Picture: ISTOCK
Picture: ISTOCK

Not only did Cricket SA (CSA) reject an offer to earn $70m for 11 years from their troubled T20 league‚ they didn’t say why. Instead‚ CSA is trying to re-invent the competition and have acquired SuperSport as a minority shareholder in that cause.

No other details on the new tournament — which was to have been played last November and December and was postponed for a year when CSA discovered it would lose millions because of the lack of a broadcaster and sponsors — have been revealed.

This as four of the eight owners of the original franchises have expressed their unhappiness with the board’s handling of the situation‚ three of them threatening legal action.

One of those owners‚ Hiren Bhanu of the Pretoria Mavericks‚ told TimesLIVE he proposed paying CSA $70m — the equivalent‚ at Tuesday’s exchange rate‚ of more than R926m — to own and run the league for 11 years. CSA would thus bear none of the financial risks.

Bhanu‚ a UK-based Indian businessman‚ made his offer in March‚ and says communication he had with board members and executives indicated it would be positively received. But he says he was never given the chance to make a presentation to the board in person.

In June, he received a letter‚ which has been seen by TimesLIVE‚ from CSA’s then acting CEO‚ Thabang Moroe.

"The CSA board and its members’ council has considered your proposal to privatise the league for a definite period in exchange for a guaranteed fee to CSA‚" Moroe wrote. "All the proposals that were received were compelling and well-presented‚ including yours‚ unfortunately they were not favourably considered."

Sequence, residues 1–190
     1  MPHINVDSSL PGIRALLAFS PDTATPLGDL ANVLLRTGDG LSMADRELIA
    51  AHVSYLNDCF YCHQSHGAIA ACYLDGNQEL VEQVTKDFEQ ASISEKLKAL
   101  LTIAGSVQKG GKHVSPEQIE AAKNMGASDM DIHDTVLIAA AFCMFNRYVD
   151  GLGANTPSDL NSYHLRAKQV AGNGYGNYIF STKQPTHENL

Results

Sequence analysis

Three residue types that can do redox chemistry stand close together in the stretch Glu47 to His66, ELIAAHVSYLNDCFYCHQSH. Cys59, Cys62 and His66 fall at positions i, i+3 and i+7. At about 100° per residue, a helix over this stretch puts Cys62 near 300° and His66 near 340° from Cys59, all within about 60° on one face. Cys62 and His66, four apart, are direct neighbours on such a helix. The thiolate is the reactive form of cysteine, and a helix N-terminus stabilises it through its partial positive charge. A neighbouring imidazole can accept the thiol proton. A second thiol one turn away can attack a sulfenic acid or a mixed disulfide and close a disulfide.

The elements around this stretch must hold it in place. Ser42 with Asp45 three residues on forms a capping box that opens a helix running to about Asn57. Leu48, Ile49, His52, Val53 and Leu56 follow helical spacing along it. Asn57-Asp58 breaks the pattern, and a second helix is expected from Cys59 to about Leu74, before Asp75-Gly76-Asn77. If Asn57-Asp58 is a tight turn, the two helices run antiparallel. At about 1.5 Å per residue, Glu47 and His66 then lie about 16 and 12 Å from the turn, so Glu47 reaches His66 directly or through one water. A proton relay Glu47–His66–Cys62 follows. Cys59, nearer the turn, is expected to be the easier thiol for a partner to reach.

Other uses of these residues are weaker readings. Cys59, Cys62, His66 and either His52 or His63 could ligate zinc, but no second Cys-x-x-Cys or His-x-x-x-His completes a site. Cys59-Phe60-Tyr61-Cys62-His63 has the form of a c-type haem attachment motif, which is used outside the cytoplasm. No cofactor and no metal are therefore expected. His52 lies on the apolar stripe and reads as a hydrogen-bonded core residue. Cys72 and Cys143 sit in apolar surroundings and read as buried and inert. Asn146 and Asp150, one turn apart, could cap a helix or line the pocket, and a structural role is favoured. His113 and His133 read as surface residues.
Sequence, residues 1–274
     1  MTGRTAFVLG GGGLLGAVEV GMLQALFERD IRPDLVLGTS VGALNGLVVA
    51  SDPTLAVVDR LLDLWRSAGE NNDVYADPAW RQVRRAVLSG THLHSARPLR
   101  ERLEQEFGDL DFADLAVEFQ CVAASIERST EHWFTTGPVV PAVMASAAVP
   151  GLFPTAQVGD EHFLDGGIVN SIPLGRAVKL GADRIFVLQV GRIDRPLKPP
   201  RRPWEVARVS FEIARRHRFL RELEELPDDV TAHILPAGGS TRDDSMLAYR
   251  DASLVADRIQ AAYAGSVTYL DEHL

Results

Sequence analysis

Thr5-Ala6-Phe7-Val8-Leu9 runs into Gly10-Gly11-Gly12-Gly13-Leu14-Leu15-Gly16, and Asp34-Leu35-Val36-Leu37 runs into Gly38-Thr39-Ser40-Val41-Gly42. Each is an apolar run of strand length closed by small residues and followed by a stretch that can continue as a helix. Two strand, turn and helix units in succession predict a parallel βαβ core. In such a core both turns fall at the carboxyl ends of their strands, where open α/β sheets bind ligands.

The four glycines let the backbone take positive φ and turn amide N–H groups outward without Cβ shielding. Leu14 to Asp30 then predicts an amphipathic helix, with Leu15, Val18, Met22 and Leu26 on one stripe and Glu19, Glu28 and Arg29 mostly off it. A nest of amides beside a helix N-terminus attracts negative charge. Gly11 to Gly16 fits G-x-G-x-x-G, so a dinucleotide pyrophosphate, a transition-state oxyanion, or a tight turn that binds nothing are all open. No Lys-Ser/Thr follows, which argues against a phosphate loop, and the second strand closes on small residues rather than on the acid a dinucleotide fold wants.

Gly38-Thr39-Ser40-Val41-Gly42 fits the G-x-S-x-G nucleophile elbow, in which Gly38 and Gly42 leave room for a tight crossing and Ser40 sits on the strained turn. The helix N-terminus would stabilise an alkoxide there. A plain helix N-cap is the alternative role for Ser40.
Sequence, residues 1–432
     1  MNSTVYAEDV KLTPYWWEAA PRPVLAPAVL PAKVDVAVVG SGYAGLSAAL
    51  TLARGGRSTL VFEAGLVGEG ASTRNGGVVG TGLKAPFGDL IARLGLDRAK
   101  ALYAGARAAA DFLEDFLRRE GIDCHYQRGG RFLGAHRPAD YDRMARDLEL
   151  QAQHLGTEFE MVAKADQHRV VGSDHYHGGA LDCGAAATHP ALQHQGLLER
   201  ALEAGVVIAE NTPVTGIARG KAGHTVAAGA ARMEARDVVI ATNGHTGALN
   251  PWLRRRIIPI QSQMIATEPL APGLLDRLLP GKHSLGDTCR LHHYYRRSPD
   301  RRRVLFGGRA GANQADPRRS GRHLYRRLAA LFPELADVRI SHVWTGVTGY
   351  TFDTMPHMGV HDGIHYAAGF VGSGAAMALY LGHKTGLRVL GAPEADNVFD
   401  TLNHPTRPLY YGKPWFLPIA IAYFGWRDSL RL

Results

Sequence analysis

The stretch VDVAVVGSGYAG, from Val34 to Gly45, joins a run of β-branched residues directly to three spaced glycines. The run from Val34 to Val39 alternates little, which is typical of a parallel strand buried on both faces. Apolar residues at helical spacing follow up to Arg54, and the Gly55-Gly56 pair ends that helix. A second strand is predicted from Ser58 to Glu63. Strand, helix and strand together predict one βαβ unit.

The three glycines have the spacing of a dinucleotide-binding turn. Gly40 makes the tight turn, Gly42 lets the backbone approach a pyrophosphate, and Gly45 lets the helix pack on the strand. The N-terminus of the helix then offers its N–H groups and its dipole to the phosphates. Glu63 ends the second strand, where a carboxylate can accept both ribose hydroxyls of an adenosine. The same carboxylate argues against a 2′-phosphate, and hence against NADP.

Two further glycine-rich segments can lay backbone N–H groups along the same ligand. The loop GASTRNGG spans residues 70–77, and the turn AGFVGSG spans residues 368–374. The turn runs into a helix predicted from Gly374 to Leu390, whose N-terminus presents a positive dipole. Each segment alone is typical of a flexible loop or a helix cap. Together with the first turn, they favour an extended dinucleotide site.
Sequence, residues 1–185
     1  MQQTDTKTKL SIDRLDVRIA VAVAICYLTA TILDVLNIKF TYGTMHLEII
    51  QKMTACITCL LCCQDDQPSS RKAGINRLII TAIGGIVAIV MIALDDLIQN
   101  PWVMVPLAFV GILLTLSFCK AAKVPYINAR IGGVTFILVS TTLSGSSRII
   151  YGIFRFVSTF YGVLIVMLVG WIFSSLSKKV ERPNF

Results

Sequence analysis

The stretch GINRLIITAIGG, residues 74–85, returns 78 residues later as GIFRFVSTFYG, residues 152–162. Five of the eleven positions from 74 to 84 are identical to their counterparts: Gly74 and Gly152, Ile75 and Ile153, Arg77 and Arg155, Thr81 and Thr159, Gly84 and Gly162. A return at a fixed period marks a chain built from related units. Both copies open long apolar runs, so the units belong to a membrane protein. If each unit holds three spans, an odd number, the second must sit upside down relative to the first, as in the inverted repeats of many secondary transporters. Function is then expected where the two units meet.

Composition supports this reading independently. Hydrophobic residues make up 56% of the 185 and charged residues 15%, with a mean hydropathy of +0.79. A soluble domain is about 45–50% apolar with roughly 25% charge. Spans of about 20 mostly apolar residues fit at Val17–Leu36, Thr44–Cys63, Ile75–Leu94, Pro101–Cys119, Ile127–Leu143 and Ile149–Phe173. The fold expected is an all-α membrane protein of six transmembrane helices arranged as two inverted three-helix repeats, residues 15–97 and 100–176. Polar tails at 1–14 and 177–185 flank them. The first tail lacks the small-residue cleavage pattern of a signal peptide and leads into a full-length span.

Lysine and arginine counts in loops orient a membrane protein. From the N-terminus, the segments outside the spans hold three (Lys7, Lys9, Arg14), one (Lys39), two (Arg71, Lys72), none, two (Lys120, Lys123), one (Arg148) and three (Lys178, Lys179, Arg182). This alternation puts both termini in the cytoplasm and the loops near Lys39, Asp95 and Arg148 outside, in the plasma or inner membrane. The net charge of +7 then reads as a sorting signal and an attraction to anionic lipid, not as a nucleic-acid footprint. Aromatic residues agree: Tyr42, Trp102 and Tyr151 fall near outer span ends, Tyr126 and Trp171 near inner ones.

Since then‚ Bhanu says‚ "I have yet to be given a reason why." Asked directly on Monday why Bhanu had been turned down‚ CSA reiterated what was already known instead of answering the question.

"CSA has, in writing, thanked all prospective buyers for their interest in the league and have also communicated their decision in selecting the [SuperSport] equity model‚" the board’s statement read.

Bhanu became involved with the league after it emerged that Osman Osman‚ who had been named as the Mavericks’ owner‚ did not have the $50m required to own a franchise for 10 years‚ as per the competition’s original rules. Haroon Lorgat and Venu Nair‚ Bhanu says‚ asked him to step into the breach.

Lorgat has lost his job as CSA’s CEO in the fallout from the failure of the tournament’s inaugural edition‚ and it seems CSA has cut ties with Nair‚ whose newly formed company‚ Ortus Sport and Entertainment‚ had been tasked with selling the rights for the tournament

Osman has retained a small share in the Mavericks.

CSA has refunded the owners’ deposits of $250,000‚ but with only 3.5% interest‚ and are trying to sell the competition as a new event, but half the owners insist they have not given up their rights to a franchise.

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